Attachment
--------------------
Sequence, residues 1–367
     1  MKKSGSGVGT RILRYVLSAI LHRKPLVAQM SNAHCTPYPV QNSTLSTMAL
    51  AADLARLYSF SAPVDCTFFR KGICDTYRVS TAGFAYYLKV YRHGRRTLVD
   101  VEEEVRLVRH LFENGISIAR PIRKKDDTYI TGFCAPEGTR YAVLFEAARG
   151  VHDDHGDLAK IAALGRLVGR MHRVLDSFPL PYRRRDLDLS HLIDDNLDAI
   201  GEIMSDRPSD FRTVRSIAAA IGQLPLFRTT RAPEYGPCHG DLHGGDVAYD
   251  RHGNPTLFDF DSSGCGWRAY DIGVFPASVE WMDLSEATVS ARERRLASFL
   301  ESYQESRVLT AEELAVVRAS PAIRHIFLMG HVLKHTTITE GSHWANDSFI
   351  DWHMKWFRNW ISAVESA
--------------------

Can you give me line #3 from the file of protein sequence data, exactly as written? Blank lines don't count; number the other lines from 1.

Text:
    51  AADLARLYSF SAPVDCTFFR KGICDTYRVS TAGFAYYLKV YRHGRRTLVD